Last year, McD’s got a boost when Consumer Reports rated the hamburger joint’s drip coffee best. Of McDonald’s brew, CR said: “Decent and moderately strong. Although it lacked the subtle top notes needed to make it rise and shine, it had no flaws.” Starbucks didn’t fare as well, with tasters calling its coffee “strong, but burnt and bitter enough to make your eyes water instead of open.”

There has been a Starbucks backlash brewing for years. The coffee quality has been declining, especially as stores went from brewing coffee to pushing buttons on machines. The atmosphere of the stores has become all-too familiar. And with people so short of time, most stores are places to stop and go, rather than hang out.

The chain recently lost a class-action lawsuit brought by barristas who complained about the practice of Starbucks forcing them to share tips with shift supervisors. This is a practice forced on casino dealers by mogul Steve Wynn, as well, and it has cost both companies dearly. That’s not good company to share.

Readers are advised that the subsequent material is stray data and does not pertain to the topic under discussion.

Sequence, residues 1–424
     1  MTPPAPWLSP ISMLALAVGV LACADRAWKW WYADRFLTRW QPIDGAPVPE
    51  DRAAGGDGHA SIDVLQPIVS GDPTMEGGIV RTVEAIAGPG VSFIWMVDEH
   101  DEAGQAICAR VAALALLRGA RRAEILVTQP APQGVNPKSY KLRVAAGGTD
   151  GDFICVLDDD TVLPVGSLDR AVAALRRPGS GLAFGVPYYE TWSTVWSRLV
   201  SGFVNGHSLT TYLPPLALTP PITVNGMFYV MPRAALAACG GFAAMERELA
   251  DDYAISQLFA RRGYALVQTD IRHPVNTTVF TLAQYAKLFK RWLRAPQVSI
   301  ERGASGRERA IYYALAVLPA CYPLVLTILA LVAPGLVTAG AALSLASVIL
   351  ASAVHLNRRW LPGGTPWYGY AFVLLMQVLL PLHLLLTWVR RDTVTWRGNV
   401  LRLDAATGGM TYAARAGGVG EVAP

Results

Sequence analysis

But the backlash is more than that. The atmosphere around the Starbucks brand has changed. The wind has literally changed around it. And that’s what worries chairman Howard Schultz. It reminds me a bit of the way the winds changed around Barack Obama the weekend before the Ohio primary. Obama had enjoyed a charmed run. People were intoxicated by his soaring rhetoric. But it changed. Obama lost Ohio and Texas primaries. He started to squirm over the video of his pastor. He suddenly looked ordinary, slugging it out with Clinton in the mud. The glow was off the brand.